Inherited Craziness
A place to share all the nuts found on my family tree

Showing posts with label Bermuda. Show all posts
Showing posts with label Bermuda. Show all posts

Wednesday, 13 April 2022

Vincent Hepworth and Mary Ann (Annie) Rogers

Entrance to Wyvern Barracks, Topsham Road, Exeter
cc-by-sa/2.0 - © David Smith - geograph.org.uk/p/5073188

Vincent Hepworth (b. 2 Sep 1842 in Wakefield, Yorkshire), son of Vincent Hepworth and Sarah Ann Hudson, married Mary Ann Rogers (b. 1852), daughter of Richard Rogers and Martha Perkins (m. 1848), in Exeter, Devon, on 23 Oct 1871, according to the Register Of Marriages & Baptisms, C Brigade, Royal Horse Artillery. Gunner, Vincent Hepworth (31), in 1871, was stationed at The Artillery Barracks Heavitree, now Wyvern Barracks. The barracks were originally simply called Artillery Barracks to distinguish them from the Cavalry Barracks (Higher Barracks). The hidden secrets behind the walls of Exeter's Wyvern Barracks detail the [dire lack of] facilities at the installation. 

If Annie went to live there with her husband, I hope she wasn't expecting much: "... these barracks lacked accommodation for married soldiers – families being separated from other soldiers by a blanket hanging across the room."

Vincent and Annie had at least 13 children, including one pair of twins:

  1. Albert Vincent Hepworth b. 1872 S Quarter in EXETER Vol 05B Page 81, bap. 1 Sep 1872 in Whimple, Devon, according to the Register Of Marriages & Baptisms, C Brigade, Royal Horse Artillery. The original church baptism record lists Vincent's occupation as "Officer's Servant".
  2. Edith Mary Hepworth b. 30 Mar 1875, bap. 21 Apr 1875 in Kirkee (now Khadki), India
  3. George Horbury Hepworth b. 30 Jan 1878, bap. 21 Feb 1878 in Kirkee (now Khadki), India
  4. Thomas Richard Hepworth b. 21 Jan 1880, bap. 22 Feb 1880 in Throwleigh, Devon
  5. Marie Ann Hepworth b. 28 Jun 1881 in SAINT THOMAS Volume 05B Page 71, bap. 1 May 1890 at Holy Trinity Church, Exeter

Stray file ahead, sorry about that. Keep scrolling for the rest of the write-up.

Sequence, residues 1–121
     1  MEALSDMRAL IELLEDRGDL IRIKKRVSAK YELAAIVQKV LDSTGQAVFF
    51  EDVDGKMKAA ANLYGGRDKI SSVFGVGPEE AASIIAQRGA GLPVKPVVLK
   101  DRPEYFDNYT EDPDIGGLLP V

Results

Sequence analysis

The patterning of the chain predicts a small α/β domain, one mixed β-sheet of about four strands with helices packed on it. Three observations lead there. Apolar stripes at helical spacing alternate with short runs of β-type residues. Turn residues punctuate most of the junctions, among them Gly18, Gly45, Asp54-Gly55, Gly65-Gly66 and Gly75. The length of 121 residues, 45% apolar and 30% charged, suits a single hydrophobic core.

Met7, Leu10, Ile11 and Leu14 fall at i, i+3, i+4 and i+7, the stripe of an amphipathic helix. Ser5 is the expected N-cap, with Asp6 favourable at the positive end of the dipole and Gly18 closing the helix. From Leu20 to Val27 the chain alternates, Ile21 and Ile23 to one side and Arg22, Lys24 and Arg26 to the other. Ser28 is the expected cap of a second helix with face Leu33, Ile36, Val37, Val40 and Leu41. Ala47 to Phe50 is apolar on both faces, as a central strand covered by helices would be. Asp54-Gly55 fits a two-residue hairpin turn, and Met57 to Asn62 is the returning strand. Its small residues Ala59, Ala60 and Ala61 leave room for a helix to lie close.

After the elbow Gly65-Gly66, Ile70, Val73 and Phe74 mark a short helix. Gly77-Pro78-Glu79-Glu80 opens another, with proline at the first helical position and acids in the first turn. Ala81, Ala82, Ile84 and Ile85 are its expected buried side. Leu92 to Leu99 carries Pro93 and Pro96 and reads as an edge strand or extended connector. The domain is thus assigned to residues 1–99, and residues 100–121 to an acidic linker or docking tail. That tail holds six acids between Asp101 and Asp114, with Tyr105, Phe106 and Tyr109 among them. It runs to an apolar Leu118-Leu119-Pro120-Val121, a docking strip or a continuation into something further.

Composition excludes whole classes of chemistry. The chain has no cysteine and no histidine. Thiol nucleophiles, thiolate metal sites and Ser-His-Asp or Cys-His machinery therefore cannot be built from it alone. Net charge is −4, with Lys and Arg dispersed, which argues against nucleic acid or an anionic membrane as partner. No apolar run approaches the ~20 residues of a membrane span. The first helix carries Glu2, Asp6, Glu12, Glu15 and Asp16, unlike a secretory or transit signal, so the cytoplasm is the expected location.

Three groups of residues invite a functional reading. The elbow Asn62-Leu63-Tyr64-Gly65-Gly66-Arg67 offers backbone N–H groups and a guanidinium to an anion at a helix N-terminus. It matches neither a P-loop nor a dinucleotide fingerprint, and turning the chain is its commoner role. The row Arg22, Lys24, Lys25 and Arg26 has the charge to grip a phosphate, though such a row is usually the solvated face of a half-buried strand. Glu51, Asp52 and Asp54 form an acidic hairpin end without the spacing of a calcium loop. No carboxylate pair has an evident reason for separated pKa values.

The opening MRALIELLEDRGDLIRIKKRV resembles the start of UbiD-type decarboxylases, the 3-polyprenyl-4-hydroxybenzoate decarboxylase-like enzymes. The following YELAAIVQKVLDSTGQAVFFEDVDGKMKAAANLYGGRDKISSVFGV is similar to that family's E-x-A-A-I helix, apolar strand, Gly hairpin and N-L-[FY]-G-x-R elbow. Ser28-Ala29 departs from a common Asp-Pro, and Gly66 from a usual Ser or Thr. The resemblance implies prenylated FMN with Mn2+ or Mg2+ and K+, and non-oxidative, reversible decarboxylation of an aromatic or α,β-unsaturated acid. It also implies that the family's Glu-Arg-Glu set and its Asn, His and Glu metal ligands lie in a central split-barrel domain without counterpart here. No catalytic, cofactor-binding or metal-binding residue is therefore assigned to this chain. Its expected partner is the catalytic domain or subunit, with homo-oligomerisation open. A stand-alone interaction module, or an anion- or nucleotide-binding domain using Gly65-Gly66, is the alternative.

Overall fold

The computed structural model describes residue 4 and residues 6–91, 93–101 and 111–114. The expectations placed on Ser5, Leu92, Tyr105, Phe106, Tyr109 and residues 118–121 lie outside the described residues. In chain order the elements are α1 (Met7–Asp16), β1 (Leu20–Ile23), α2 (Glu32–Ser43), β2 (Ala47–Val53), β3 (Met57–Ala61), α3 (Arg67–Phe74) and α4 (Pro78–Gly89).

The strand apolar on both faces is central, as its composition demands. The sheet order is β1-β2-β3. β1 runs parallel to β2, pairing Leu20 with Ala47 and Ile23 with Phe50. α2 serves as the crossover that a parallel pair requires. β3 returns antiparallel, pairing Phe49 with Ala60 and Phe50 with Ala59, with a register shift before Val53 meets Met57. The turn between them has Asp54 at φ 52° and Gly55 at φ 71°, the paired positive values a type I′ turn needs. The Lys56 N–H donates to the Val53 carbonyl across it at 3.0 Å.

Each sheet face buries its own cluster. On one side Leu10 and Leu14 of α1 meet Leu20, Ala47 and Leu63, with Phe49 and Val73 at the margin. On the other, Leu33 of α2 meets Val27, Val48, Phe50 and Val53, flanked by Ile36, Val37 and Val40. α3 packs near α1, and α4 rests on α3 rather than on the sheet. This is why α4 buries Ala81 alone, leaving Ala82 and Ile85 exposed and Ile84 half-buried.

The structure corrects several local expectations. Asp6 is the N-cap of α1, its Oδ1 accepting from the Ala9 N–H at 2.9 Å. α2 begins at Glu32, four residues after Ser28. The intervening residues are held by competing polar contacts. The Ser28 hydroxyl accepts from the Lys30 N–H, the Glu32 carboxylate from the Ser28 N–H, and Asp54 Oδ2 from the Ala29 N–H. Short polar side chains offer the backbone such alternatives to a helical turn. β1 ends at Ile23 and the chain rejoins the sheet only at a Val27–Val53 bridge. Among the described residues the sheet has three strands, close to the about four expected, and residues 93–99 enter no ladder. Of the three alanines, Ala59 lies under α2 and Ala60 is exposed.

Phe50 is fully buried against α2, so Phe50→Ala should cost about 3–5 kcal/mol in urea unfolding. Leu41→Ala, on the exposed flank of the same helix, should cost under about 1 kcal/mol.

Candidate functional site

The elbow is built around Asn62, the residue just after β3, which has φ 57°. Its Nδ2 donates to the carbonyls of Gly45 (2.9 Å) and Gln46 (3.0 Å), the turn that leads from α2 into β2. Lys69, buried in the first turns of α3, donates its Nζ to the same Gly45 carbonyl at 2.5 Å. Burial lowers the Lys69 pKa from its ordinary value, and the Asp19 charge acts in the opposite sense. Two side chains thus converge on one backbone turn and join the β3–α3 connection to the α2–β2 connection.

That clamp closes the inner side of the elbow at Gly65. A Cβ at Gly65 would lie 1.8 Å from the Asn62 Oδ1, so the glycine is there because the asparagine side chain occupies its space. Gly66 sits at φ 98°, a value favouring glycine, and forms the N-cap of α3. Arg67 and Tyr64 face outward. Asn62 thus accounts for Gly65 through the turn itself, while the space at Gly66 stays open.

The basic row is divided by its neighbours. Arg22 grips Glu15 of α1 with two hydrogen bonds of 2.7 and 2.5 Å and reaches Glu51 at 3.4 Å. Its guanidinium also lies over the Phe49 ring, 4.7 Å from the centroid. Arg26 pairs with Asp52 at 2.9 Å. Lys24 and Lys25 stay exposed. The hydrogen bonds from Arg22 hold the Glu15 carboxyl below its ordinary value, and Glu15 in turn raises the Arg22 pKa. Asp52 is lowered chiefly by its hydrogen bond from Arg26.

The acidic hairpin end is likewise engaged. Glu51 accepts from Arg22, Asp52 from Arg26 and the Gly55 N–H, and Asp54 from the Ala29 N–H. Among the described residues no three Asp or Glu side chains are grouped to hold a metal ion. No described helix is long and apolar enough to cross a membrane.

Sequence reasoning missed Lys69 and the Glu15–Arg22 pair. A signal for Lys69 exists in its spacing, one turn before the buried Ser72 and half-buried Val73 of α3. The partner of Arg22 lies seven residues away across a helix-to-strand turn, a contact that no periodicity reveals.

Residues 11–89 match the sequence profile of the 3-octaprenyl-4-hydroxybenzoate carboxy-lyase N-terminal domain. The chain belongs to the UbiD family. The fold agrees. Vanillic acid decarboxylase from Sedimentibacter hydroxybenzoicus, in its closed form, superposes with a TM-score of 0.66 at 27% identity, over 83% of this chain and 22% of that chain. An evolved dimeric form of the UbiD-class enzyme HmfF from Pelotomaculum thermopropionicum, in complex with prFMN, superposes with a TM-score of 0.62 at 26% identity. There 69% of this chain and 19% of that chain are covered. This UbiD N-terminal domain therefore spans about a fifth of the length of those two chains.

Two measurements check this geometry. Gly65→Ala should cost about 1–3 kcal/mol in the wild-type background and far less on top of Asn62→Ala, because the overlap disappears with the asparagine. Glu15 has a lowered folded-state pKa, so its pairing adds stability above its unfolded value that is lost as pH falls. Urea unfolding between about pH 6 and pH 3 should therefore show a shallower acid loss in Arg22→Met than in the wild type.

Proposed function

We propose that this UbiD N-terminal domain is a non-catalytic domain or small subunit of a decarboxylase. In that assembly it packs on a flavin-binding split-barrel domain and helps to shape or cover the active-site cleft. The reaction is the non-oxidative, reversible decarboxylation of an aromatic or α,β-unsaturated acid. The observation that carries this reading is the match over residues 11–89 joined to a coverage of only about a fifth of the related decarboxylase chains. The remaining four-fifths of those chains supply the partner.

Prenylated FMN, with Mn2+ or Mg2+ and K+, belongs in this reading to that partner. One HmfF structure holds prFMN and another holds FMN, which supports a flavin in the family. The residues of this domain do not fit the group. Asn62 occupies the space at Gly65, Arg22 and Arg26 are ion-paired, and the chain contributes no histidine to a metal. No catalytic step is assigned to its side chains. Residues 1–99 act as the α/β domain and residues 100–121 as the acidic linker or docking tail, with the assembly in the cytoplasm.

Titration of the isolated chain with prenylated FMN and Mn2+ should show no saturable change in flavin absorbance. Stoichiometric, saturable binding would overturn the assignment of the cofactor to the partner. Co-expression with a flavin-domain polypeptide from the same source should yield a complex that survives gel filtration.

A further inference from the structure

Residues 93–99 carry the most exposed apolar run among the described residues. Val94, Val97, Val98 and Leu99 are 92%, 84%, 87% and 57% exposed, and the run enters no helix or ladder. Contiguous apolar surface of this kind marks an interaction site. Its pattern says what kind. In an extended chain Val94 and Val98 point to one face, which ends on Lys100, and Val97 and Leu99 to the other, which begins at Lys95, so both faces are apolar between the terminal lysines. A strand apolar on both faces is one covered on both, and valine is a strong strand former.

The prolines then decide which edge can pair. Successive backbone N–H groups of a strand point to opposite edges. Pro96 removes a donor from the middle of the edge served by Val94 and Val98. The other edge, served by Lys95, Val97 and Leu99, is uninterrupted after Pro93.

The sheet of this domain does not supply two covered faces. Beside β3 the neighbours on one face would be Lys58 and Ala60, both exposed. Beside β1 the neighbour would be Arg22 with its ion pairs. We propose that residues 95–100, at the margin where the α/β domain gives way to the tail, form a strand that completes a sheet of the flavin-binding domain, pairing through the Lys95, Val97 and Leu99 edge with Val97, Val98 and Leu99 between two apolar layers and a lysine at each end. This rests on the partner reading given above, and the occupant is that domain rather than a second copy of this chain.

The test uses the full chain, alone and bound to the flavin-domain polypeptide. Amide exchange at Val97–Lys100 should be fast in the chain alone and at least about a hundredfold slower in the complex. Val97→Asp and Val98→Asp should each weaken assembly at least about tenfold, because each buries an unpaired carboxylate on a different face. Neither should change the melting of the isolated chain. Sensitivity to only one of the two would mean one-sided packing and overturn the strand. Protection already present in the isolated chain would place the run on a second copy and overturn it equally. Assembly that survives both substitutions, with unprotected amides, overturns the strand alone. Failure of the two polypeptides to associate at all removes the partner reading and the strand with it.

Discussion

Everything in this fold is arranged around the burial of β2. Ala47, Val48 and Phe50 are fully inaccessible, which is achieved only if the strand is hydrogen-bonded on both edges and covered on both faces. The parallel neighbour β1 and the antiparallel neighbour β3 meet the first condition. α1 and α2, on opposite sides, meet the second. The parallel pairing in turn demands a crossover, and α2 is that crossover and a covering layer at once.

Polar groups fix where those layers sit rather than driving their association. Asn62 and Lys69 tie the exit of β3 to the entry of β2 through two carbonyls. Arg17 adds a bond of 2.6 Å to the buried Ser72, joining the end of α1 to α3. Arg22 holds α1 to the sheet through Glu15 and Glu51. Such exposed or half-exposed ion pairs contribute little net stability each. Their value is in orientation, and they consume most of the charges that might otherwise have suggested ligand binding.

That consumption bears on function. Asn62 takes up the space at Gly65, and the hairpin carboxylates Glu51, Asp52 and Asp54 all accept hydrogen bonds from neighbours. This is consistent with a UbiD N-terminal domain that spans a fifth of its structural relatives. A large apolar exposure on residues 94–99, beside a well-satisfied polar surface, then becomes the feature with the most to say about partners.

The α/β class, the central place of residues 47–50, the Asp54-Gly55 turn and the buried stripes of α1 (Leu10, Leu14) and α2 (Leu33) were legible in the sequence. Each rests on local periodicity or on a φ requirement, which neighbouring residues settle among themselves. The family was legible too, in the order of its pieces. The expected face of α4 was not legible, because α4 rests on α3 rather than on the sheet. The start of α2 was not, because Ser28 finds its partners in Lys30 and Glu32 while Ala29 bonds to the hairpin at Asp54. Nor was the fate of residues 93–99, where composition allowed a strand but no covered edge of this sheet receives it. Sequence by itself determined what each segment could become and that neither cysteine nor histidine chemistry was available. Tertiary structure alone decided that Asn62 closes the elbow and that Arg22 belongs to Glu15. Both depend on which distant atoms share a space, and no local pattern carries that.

6. Soffie Hepworth b. Dec 1882 in SAINT THOMAS Vol 05B Page 72, died aged 9 weeks and buried on 14 Feb 1883, at St Thomas, Exeter
  7. William Henry Hepworth b. Dec 1882 in SAINT THOMAS Vol 05B Page 72, died at 9 weeks and buried on 14 Feb 1883, at St Thomas, Exeter
  8. Charles Hepworth b. 1884 S Quarter in SAINT THOMAS Volume 05B Page 70, died 1884 D Quarter in SAINT THOMAS Volume 05B Page 44
  9. Rosa Bessie Hepworth b. 20 Mar 1886 in SAINT THOMAS Volume 05B Page 65, bap. 1 May 1890 at Holy Trinity Church, Exeter
  10. Eveline Maud Hepworth b. 15 Feb 1888 in SAINT THOMAS Vol 05B 66
  11. Ethel May Hepworth b. 1890 J Quarter in EXETER Volume 05B Page 78, bap. 1 May 1890 at Holy Trinity Church, Exeter, died at 6 months in 1890 in EXETER and buried on 27 Sep 1890 at Holy Trinity Church
  12. Ida Lily Hepworth b. 16 Sep 1891 in EXETER Volume 05B Page 71
  13. Ivy May Hepworth b. 3 Nov 1892 in EXETER Volume 05B Page 82

Vincent Hepworth, previously a Boatman, enlisted in the Royal Artillery, on 21 Jan 1859, at Hull. He did two six-year tours to India, from 22 Jun 1859 to 11 May 1866 and from 16 Jan 1873 to 4 Dec 1879, the second time his wife went with him, as is obvious because two of their children were born in India.

His army medical records show he was treated for Gonorrhoea, twice at age 24 and 26. He had ague (archaic name for malaria or another illness involving fever and shivering) twice in India; was twice treated there for hepatitis.

Tying in with the date of their return from India, Edith May Hepworth had been registered at Throwleigh And Gidleigh School, being previously listed at a school in Plymouth, in 1879, until she left that parish in Sept 1880.